The Pale Blue Dot Turns Thirty!

Feb 22, 2020 By Alyssa U, Writer
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Pale Blue DotOn February 14th this year, space enthusiasts celebrated the 30th anniversary of a very special photograph -- a speck of dust caught in a beam of light. 

This "Pale Blue Dot" is a photo of Earth taken from a distance of 3.7 billion miles) by NASA’s Voyager 1 space probe as it headed out of our solar system. Our Earth takes up a mere one-tenth of a pixel; the rest of the picture is layered beams of scattered light against the empty darkness of space.

It is a reminder of how isolated we are in the universe — but also how, in this isolated space of existence, those of us on planet Earth are all in this together.

How Was The Image Captured?

Carl SaganThe idea for this photo was first suggested by Carl Sagan, an astronomer and science communicator who was part of the Voyager team. 

Originally, the Voyager mission was sent to tour the gas giants of the solar system — namely, Jupiter, Saturn, Uranus, and Neptune. Voyager 2 was released first, followed a few weeks later by the identical Voyager 1, back in 1977.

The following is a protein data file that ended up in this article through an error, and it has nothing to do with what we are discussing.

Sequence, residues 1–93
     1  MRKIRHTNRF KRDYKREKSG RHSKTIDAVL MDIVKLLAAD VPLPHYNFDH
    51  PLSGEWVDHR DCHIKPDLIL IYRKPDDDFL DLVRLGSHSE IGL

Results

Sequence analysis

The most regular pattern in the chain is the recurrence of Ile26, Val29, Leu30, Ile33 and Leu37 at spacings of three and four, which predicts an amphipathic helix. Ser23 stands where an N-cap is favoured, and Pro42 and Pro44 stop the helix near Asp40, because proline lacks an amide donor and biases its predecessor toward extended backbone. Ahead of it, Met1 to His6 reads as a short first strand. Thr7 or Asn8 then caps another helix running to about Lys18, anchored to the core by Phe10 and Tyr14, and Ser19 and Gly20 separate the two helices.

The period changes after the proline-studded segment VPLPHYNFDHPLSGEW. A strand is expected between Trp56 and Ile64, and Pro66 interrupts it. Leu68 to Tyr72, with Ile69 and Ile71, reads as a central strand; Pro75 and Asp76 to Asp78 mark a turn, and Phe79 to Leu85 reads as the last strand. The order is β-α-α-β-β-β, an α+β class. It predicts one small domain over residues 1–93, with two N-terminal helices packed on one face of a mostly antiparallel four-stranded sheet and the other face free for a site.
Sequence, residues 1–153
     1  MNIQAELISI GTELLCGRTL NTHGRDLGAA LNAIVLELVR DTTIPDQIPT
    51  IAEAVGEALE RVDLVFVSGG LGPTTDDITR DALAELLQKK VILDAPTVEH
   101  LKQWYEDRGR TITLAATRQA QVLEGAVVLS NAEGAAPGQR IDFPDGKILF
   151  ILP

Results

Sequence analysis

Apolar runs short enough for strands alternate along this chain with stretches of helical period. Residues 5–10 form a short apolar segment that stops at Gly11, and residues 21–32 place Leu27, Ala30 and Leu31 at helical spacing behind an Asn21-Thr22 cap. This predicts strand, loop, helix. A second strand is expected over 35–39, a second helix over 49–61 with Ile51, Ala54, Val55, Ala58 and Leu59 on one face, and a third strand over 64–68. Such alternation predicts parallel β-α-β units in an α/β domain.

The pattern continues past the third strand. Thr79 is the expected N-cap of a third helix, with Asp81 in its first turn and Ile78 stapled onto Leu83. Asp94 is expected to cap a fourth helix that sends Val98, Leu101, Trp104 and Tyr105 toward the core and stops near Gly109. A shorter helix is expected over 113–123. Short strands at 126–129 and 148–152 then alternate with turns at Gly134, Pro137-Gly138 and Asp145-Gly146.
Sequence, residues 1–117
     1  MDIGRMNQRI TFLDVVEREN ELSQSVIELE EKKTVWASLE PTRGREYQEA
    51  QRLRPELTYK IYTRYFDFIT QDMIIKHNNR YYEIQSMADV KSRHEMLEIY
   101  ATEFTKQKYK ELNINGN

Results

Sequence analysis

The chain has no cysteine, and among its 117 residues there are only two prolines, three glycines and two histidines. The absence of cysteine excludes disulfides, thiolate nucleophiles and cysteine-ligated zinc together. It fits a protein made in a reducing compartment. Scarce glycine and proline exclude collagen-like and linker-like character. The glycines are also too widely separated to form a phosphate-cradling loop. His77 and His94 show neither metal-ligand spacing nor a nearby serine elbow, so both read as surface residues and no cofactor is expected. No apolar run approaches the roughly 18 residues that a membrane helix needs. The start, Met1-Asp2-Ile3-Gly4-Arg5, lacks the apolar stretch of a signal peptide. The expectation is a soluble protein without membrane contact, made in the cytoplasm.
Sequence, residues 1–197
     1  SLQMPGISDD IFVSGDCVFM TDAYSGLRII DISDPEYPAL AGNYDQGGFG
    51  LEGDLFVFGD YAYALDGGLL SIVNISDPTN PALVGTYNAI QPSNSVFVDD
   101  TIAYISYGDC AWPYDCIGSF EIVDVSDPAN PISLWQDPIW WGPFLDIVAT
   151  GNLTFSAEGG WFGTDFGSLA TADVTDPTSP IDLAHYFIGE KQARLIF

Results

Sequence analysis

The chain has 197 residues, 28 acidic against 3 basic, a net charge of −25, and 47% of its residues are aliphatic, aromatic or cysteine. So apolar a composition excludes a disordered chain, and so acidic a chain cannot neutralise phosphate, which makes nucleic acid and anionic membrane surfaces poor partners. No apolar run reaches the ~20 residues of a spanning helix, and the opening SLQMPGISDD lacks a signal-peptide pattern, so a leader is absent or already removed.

After the two space probes completed their turn around Neptune, the mission was done; in order to save power, the Voyager team chose to turn off the probes’ cameras, starting again with Voyager 2.

As per Sagan’s proposal, the cameras of Voyager 1 were left on just long enough to capture a 60-photo set of the planets and the Sun — and about half an hour before the cameras were permanently shut down, on February 14th, 1990, Voyager 1 shot the iconic Pale Blue Dot.

It is a reminder of how isolated we are in the universe -- there is only one habitable planet in our universe known to sustain over 7 billion people. Humanity must work together to preserve Earth rather than encourage conflict. As Sagan explains in the video below, this single dot is where “everyone you love, everyone you know, everyone you ever heard of, every human being who ever was, lived out their lives — on a mote of dust suspended in a sunbeam.”

Sources:, The Atlantic, NASA, National Geographic, The Planetary Society